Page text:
As I said before we have our big motorhome but after driving it in Baja California last year we decided it would be a good idea to find a smaller one to take down the Pan American Highway. Some of those roads are pretty narrow. Also it is a very complicated unit - with the basement air and slides.
The next step was to locate a smaller motorhome. One that was in pretty good condition, not over 30 feet, without slides and in an affordable price range. Didn’t want much did we? And guess what - we found it.
We had looked at a couple of ClassB mini-motorhomes, in fact we looked at one that was very nice. But we went home to think about it and when we called it was already sold. As it turned out it was probably for the best.
While coming home one day from the glass shop (one of our hobbies is stained glass) we passed a new RV consignment place. There were two ClassA motorhomes and one ClassB sitting in the lot. I was looking at them and after The Driver turned the corner and started towards home I remarked about what I had seen.
“Back there on the corner.”
He made a typical Las Vegas driver move and made a U-turn at the next traffic light and we went back down to the lot. All three looked okay from outside, right size and the prices were good. The salesman got the keys and opened them up. We looked in all three but really liked the 1998 Coachman Mirada. It is 30 feet long, doesn't have any slides and the price was good. It is in pretty good condition inside and out. It had been owned by a woman in her 70s who drove it all over. The last time she came to Vegas to visit her son, he decided it was time for her to settle down. He was getting tired of trying to find her. So they put the motorhome up for sale.
We made an offer and it was accepted.
After taking care of the registration and insurance we took it to a mechanic we trust. The coach has around 40,000 miles on it, just broken in according to Bill. We had the oil changed and the transmission checked and its fluids changed, put on all new hoses and belts and flushed the radiator. The mechanic said that everything was working the way it should be. While there he checked the brakes and tires both were almost new, according to the paper work that came with the coach both had less than 1,000 miles on them. That all sounded good to us. Time to bring it home to do a couple of things on it.
We live in an area where there is a Homeowners Association that restricts us to 72 hours to have the motorhome parked out front. So we had to work fast and make arrangements for somewhere to keep it.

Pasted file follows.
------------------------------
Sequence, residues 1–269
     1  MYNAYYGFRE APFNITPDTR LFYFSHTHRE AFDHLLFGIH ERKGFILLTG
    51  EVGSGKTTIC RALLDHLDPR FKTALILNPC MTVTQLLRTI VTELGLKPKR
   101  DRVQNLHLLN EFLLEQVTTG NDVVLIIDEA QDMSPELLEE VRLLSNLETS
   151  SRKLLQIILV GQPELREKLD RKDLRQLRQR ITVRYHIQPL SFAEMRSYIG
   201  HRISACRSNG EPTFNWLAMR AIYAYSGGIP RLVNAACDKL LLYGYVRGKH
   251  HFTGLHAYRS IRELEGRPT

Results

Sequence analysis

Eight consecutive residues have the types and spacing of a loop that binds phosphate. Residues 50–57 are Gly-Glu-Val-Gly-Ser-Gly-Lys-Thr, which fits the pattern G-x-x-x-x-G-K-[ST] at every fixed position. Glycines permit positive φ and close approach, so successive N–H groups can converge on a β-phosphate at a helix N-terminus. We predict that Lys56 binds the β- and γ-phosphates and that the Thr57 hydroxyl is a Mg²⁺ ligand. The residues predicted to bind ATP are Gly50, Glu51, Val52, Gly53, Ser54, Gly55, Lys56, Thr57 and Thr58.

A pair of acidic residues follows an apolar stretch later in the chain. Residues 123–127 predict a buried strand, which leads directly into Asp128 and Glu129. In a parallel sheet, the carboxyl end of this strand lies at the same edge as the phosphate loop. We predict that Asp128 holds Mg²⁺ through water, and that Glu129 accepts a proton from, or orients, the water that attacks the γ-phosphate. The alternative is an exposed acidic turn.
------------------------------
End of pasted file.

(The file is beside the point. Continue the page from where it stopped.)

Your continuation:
Bill talked to the lot where we bought it and they said we could store it there until we left. It is close and fairly convenient so that was taken care of.
While we had it out front, we cleaned the inside really good, washed all the curtains and windows blinds. Bill loves to work in wood so he made spice racks for the counter and table, eight shelves with decorative railings for holding books, CDs etc. He also put more shelves in the closets and cupboards.
Then he modified an area below the main closet and turned it into a laundry hamper. Because it was getting close to time we would have to move it he took measurements so he could build a storage area for behind the sofa and shelving to fit next to the driver and passenger seats to hold all manner of stuff.
Time to move it. This time we took it to an RV dealer with repair facilities and had more work done on it. While there we had a new door lock installed - the old one was too hard to open. The roof checked and resealed where it needed it. They also checked all the appliances and made sure they were working correctly. And of course the roof air was thoroughly checked. God forbid I should get hot.
Picked it up and brought it home again for another 72 hours. This time Bill insulated the “dog house” the hump that covers the engine between the driver and passenger. This will keep it quieter and cooler, less engine noise and heat. Then he installed a couple of extra fans behind the grill to help with cooling the engine. We added some towel racks and tissue holders in the bathroom and lined all the shelves with a waffle rubber lining. This will cut down on noise and keep things from slipping around while in motion. And little by little we started putting stuff in the cupboards. Mainly we were taking things out of the Alfa (which is in storage) and putting them in the Mirada: canned goods, packaged foods, extra linens and dishes. Things we either didn’t want to leave for two years or things that we had extras of.
Back to the storage place. While there their body man fixed a dent in the rear bumper and we took the dinette seats out to be recovered.
Back to the house again. This time to install the new tow bar. And put a “stick on states” map of North, Central and South America on the side of the motorhome. As we pass through the countries we will put the sticker of that country up.
Right now it is back at the RV dealers for a couple more fixes and additions. This time the connection and antenna for the TV and DVD needs to be fixed. Also we want the step to come out and go in automatically when the door is opened and closed. We have that on the Alfa and Bill is afraid if it isn’t automatic one day I will open the door and fall out. (I think maybe The Driver will forget to bring it in and start up and take out a post or something.) And we want a gutter to go over the windshield to help keep it dry and cleaner.
Next time we bring it home we will really start loading it up with all the items necessary for daily life.
Our Next Trip South 2007
The Mirada Motorhome we Bought for the Drive to South America